Geese fly in formation overhead and I marvel at the sight, like a spear piercing the blue sky, intent on its target, home they fly. I trip and stumble and giggle to myself as I look down to find the empty shells of acorns strewn all around me, evidence indeed that I am not the only one on a mission to fill my larder. Little holes in the ground where squirrels have been busily hiding their nuts and others have been digging them up.
And there, just there, I spot a most perfect ring of tiny mushrooms, hundreds of them just crowning above the blades of grass.
 b2ap3_thumbnail_140604-appletree.jpg
           I return to my garden to pick the Bramley apples that have fallen to the ground and on my way a handful of blackberries fall into my basket. A crumble is in the making. As I bend to gather the apples I notice how the lawn is covered with tiny hammocks of cobwebs all glistening in the early sun, rocking gently on the breeze. I hail to the fairy folk who have slept there.

         Cobwebs everywhere hanging from branches and twigs, the handle of the spade I left in the flower bed, from flower to flower, everywhere, cobwebs.  They trap the early morning light in a canvas of magical crystal like artwork and I am drawn closer, enchanted by their magic. So pure. So fragile.

      I prepare the apples for the crumble and marvel at how they can turn from firm slices to powdery fluffy puree in an instant, just as you turn your back for a moment and something moves just out of vision on the wall above the aga. 


b2ap3_thumbnail_140530-spider-1.jpg


         

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  • Carol P. Christ
    Carol P. Christ says #
    Yikes I just saw that spider in my bathroom and when I tried to shake in out from the glass and the envelope, it stuck to the enve

Posted by on in SageWoman Blogs
Worshipping Water Without Waste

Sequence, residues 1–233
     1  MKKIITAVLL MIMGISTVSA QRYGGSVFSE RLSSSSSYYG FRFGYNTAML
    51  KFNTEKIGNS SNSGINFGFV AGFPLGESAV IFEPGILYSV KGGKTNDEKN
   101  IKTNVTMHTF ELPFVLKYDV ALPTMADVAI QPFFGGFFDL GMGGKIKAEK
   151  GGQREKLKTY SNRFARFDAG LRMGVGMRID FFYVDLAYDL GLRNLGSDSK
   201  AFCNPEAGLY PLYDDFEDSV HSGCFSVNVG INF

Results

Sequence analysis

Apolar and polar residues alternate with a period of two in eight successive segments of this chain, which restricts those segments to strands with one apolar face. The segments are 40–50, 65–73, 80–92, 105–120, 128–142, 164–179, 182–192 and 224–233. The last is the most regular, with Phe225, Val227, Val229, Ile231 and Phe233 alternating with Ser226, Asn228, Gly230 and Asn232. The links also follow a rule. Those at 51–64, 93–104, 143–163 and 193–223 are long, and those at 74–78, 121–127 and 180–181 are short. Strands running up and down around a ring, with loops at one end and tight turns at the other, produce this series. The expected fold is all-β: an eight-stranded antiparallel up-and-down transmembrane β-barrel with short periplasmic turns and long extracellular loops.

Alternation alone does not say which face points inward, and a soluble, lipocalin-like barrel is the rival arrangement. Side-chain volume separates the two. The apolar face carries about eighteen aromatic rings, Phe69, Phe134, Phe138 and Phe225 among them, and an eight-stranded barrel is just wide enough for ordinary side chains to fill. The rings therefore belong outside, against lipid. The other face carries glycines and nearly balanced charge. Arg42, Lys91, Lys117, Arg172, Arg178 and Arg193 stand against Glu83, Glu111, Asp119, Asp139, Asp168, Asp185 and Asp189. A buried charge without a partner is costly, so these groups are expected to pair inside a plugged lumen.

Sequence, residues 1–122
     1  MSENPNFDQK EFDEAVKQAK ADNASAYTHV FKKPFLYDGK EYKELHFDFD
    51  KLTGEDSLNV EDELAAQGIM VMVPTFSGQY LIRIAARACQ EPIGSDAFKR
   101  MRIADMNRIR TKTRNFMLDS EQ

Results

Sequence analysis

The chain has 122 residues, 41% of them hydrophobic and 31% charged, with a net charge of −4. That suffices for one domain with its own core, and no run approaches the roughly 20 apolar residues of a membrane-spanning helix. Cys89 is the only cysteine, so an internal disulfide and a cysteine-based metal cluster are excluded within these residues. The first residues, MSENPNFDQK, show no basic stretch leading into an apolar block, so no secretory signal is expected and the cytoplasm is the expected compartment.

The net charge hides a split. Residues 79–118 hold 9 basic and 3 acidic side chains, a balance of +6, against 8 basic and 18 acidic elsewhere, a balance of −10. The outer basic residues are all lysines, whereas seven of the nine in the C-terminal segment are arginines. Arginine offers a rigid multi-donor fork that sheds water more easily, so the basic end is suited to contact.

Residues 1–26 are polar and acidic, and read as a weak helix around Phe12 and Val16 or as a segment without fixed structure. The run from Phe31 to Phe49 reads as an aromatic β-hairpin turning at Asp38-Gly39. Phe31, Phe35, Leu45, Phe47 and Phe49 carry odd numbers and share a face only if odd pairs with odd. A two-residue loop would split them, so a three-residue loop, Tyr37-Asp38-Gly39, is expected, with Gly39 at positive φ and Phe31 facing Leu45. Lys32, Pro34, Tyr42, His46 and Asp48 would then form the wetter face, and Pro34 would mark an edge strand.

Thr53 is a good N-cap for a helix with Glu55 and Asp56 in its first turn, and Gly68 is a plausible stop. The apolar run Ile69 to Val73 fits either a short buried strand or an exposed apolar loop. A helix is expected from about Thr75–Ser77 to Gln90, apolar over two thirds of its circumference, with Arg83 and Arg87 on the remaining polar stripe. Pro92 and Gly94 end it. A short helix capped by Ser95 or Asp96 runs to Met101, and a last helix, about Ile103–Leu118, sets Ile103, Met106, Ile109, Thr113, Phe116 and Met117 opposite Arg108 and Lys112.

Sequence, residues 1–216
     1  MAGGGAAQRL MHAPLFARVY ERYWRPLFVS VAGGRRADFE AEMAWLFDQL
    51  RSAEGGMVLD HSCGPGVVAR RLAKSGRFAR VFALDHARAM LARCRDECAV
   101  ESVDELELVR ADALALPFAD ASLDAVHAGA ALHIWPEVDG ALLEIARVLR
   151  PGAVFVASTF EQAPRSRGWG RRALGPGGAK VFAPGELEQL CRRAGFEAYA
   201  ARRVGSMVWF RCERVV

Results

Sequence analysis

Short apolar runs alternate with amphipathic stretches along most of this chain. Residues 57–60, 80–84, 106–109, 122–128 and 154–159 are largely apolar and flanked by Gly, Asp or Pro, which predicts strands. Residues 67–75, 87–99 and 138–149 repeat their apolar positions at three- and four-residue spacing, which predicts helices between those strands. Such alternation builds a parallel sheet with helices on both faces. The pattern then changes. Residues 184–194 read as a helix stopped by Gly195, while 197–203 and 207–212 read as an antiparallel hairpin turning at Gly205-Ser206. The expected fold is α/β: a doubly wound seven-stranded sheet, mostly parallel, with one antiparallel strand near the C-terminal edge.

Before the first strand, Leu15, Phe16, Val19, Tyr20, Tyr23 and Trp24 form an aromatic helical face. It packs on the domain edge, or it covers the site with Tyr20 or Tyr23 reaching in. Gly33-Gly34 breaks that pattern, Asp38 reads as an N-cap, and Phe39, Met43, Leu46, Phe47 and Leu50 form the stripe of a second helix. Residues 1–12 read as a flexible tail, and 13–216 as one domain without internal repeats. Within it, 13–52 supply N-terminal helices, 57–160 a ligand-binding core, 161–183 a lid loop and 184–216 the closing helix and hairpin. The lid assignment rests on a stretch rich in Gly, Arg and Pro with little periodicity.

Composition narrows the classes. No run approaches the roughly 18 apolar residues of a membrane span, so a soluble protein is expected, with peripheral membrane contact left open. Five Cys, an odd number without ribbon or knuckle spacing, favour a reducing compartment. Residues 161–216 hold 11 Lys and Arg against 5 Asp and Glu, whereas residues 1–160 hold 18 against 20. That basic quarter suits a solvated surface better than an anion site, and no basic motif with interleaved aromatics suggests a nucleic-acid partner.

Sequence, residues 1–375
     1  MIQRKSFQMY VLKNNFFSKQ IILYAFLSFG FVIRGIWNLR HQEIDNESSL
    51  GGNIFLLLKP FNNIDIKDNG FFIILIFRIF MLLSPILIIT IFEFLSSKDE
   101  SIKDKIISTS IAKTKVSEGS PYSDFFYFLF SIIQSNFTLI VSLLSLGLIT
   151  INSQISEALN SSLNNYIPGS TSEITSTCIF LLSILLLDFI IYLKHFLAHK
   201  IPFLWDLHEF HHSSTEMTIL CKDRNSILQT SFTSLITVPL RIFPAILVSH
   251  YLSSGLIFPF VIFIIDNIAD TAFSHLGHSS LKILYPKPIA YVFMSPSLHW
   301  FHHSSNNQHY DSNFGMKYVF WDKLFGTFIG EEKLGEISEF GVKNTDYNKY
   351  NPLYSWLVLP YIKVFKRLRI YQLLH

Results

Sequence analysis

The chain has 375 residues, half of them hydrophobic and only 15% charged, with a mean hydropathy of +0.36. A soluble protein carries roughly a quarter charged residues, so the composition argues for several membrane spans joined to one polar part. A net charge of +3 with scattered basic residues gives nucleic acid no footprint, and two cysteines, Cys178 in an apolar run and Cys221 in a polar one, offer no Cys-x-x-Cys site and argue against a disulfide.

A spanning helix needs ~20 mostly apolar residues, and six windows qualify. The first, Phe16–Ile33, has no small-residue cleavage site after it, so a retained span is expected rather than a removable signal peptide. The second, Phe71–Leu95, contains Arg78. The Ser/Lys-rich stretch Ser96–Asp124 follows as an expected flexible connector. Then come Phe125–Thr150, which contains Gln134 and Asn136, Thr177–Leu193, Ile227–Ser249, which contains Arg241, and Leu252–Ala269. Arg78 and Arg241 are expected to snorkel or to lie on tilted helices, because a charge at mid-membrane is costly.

We've all heard the advice about how to conserve water, especially during the summer months when drought and brush fires hit even the Pacific Northwest.  Water conservation is incredibly important and intrinsic to all of life on this planet.  For those of us who work with Water as a spiritual aspect of our paths, practicing water worship can sometimes leave one feeling guilty.

So, how do we honor Water without wasting it?

We start by honoring methods of conservation to preserve what is sacred.  We also must be mindful as we perform rituals to use only as much as we need, and show our gratitude at every step.

These are a mix of familiar, practical ways of working with water, as well as spiritual ones.

1. Showering.  If you're like me, stepping into a shower is invigorating, and if I'm not paying attention to my actions, or I'm not in a rush, I feel a strong urge to stay in the water and be embraced by its fluid arms.  Thankfully, I spent a few of my formative years in California, where water conservation is drilled into the heads of middle schoolers several times a year.  Unless you're especially dirty or have an illness that demands staying in the water longer, showers can be kept three minutes (my daily target) or up to five minutes in length.